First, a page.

103-2011 INNSBRUCK DRIVE
British Columbia Tourism Region : Vancouver, Coast, & Mountains
- The word brandy is a shortened form of the word brandywine, which comes from the Dutch brandewijn, meaning burnt (i.e., distilled) wine.
- Readers have their choice of two explanations as to how these falls came to be associated with brandy.
- The first is that, when the Howe Sound and Northern Railway had a survey party here in 1910, Jack Nelson, who was in charge, made a bet with Bob Mollison, an axeman, as to who could estimate more accurately the height of these falls.
- Each wagered a bottle of brandy. When the height (195 feet) was measured with a chain, Mollison won. Nelson handed over his brandy and named the falls Brandywine Falls.
- The other story is that two old-timers, Charles Chandler and George Mitchell, passed out here around 1890 after lacing their tea too generously with brandy.
- Daisy Lake by J.W. McKay of the HBC was this way in 1859 and, according to Lieutenant Mayne of the Royal Navy, who visited the lake in 1861, gave the name. Whether McKay's interest was botanical, familial, or amatory remains unknown.
- Green Lake - This lake on the BCR was named by Lieutenant R.C. Mayne, RN, when he visited it in 1861. He wrote, 'Finding the Indians knew no name for it, I called it 'Green lake' from the remarkably green colour of the water.'
- The Lecture Cutters - Named in 1965 at the suggestion of Professor Roy Hooley of UBC, who was aware how students managed to spend so much time in the mountains.
- Mount Neal - After Dr. Neal M. Carter, biologist and mountaineer, d. 1978. Also CARTER GLACIER.
- He climbed in Europe, New Zealand, and Japan but is chiefly remembered for his ascents in British Columbia in the Rockies, the Selkirks, and, above all, the Coast Mountains, where he had a number of first ascents to his credit.
- Friend and associate of Don Munday. In 1922 and 1923, he made surveys of Garibaldi Park that resulted in the first useful map of the area.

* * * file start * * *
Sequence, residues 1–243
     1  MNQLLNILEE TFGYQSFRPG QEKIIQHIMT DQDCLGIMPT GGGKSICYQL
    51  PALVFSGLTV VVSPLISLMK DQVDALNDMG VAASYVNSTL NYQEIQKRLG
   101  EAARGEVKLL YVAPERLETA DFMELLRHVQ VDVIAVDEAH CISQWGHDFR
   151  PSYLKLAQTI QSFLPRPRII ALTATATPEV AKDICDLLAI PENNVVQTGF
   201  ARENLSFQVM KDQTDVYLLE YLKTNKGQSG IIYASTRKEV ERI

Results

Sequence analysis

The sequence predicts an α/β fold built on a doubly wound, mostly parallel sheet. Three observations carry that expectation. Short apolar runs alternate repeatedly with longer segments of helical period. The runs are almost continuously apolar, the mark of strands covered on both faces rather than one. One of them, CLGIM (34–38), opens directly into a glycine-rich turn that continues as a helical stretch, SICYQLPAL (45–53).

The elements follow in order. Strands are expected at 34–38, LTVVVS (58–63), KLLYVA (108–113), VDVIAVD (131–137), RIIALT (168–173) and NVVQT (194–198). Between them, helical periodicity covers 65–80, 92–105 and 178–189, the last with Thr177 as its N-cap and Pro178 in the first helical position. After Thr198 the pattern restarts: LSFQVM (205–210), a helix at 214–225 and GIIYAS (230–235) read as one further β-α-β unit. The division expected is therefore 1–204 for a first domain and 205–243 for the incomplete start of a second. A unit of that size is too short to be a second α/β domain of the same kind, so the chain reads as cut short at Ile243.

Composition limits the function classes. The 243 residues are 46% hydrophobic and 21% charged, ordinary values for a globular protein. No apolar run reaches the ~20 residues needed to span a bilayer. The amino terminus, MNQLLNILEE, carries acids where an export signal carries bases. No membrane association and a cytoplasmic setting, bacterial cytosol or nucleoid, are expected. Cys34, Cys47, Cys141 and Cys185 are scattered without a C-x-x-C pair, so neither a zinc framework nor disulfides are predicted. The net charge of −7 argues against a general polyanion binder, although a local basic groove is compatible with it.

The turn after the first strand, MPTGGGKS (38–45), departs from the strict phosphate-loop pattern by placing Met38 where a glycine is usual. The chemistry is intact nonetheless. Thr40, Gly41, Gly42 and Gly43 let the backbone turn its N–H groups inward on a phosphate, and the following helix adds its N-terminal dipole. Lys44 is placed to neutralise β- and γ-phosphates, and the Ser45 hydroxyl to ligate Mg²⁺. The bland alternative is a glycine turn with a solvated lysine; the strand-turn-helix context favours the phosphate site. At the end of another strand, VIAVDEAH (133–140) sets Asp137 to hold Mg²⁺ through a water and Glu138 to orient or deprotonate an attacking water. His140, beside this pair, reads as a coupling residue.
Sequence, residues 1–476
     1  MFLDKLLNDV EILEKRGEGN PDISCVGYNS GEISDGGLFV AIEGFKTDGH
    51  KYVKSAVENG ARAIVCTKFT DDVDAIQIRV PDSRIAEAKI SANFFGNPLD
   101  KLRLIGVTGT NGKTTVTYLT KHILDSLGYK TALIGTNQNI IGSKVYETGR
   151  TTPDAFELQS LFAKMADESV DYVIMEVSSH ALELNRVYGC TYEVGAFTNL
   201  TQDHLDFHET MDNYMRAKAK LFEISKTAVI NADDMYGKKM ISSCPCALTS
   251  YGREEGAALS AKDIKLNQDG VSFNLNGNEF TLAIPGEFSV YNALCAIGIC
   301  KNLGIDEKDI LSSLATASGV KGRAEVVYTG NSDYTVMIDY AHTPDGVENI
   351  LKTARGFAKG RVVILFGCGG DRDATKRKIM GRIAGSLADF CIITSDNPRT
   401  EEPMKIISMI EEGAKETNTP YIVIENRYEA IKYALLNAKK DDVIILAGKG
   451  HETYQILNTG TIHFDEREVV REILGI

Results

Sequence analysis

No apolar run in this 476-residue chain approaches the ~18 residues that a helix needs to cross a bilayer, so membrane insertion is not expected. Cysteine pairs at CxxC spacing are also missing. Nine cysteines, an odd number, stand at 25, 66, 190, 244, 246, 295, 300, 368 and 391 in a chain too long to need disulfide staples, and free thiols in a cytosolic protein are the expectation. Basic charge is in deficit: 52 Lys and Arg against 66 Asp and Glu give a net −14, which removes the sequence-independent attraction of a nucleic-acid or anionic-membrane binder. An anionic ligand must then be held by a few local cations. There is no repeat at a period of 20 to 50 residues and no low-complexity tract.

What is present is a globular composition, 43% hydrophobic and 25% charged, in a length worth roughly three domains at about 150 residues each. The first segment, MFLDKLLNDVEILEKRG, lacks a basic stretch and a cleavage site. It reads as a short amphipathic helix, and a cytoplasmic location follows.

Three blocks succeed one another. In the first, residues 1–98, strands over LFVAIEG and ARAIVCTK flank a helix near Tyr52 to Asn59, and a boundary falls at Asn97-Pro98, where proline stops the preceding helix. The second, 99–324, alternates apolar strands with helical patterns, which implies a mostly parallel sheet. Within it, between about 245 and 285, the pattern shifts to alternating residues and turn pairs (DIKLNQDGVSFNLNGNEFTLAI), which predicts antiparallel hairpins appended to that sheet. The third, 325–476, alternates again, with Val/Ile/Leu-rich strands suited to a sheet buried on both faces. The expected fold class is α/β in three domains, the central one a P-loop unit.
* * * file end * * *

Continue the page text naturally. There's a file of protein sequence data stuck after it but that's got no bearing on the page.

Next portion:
- He is remembered for 'his quiet good humour and unfailing generosity' (Canadian Alpine Journal [1978-1:60).
- Phyllis's Engine - Back around 1914, when the BC Mountaineering Club had a camp in the vicinity of Castle Towers Mountain, one of the campers, Phyllis Dyke (Mrs. Beltz), exclaimed that a rocky eminence seen against the skyline
- looked like a steam locomotive. Jokingly her fellow campers took to referring to it as 'Phyllis's Engine.' After decades of unofficial use by mountaineers, the name was officially adopted by the government in 1979.
- Ubyssey Glacier - A party drawn from the Varsity Outdoors Club of UBC, having made some first ascents in Garibaldi Park, in 1965 asked Ottawa to name two features VOC Mountain and UBC Glacier.
- The Canadian Permanent Committee on Geographical Names pointed out that it did not accept abbreviations as names, and accordingly the petitioners settled for Veeocee Mountain and Ubyssey Glacier.
- This glacier, then, is named for the university, not its student newspaper, the Ubyssey. (Not long afterwards initials were accepted as names.)
- With permission from G.P.V and Helen B. Akrigg 1997 British Columbia Place Names. UBC Press.
Address of this page: http://bc.ruralroutes.com/BrandywineFalls